Amazing to read that over 4 million Americans quit their jobs in September – as part of a massive withdrawal from work called the Great Resignation. The social and economic chaos triggered by COVID-19 has apparently blurred pre-pandemic assumptions.
Many of those who quit their jobs have used the downtime to re-imagine what they want out of life and conclude that “work no longer fits that image,” reports Barron.
Where is it going? The answer depends on what the resigners did before terminating their employment. Most likely, do not plan to wipe paid work out of their future for good, but rather take personal time off. The best placed to try their hand at leisure are those who have kept their wages during the closures.
Others who work on the front line may give up through exhaustion. We are talking about healthcare professionals responsible for treating thousands of dying patients. Or retail workers forced to confront mentally unbalanced buyers with tantrums at mask mandates.
The same goes for flight attendants who have dealt with mean and crazy passengers. Those who stayed at work deserve a medal for bravery, but it’s understandable that some of their colleagues have turned in their wings.
After a rest, many of these burnout cases can return to the world of work. Some may have seen the labor shortage reduce the risk of temporary unemployment. They thought they could still find a job when the money ran out.
It is true that many of us have learned to cope with less. But settling for less is not the same as living on nothing. And Americans in general have not been brilliant at financial planning.
About 51% have less than three months of emergency savings, according to the Bankrate website. For those with only three months’ worth and quit in September, time is running out in December.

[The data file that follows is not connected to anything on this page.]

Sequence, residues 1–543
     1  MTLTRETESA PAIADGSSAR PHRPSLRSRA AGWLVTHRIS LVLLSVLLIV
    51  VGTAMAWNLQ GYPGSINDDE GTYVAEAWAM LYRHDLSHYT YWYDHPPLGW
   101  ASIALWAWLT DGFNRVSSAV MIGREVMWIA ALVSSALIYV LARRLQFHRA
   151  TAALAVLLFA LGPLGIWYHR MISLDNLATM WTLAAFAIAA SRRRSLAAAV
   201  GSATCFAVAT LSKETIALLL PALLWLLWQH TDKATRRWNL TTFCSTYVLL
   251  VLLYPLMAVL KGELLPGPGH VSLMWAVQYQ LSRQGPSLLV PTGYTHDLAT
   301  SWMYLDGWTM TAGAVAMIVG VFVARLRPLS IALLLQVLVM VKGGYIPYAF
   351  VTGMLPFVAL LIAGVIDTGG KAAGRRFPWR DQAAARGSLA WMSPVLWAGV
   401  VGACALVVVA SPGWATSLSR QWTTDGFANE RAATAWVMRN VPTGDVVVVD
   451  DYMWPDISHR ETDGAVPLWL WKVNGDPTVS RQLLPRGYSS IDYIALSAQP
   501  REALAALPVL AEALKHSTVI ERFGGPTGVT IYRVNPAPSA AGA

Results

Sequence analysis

Some Americans would advance their retirement years by a few years. As for those we hear about with retirement plans at the age of 55, we have to ask ourselves: who the hell are they? Heirs? Lucky technicians? Survivors?
These retired children may not have the assets usually prescribed for breadwinners who choose a normal retirement age. After all, a couple leaving the workforce at 65 may need $ 300,000 just to cover health care costs, Fidelity believes.
A retirement advisor revealed to Barron’s what he had to say to some clients seeking an early exit: “It won’t work unless you plan to live past 75.” As life expectancy increases, he cautions people even in their late 60s to accumulate enough savings to last 30 years.
This is not to reject the interest of using the Great Resignation to reassess one’s priorities. Many of us have experienced the sweetness of spending more time at home with self-cooked meals, simple wardrobes, and no commute.
But the work is in American DNA. An Italian friend once asked me why the Rockefellers work. I replied that in our culture, people find dignity in work.
In 1883, Theodore Roosevelt gave up his sweet life in New York City to brutally work a ranch in the badlands of North Dakota. “By far the best price life offers is the chance to work hard at a job that is worth it,” he said, unsurprisingly.
Plus, having a place outside the home to socialize, such as an office, has psychological benefits. A way to stay tied to others, it drives away loneliness, which can lead to anxiety and depression.
But Americans also need money, although not as much as they once thought. The product of soulless work and better expense management could be the beautiful flower that grows from the Great Resignation.
The Froma Harrop column is syndicated by Creators.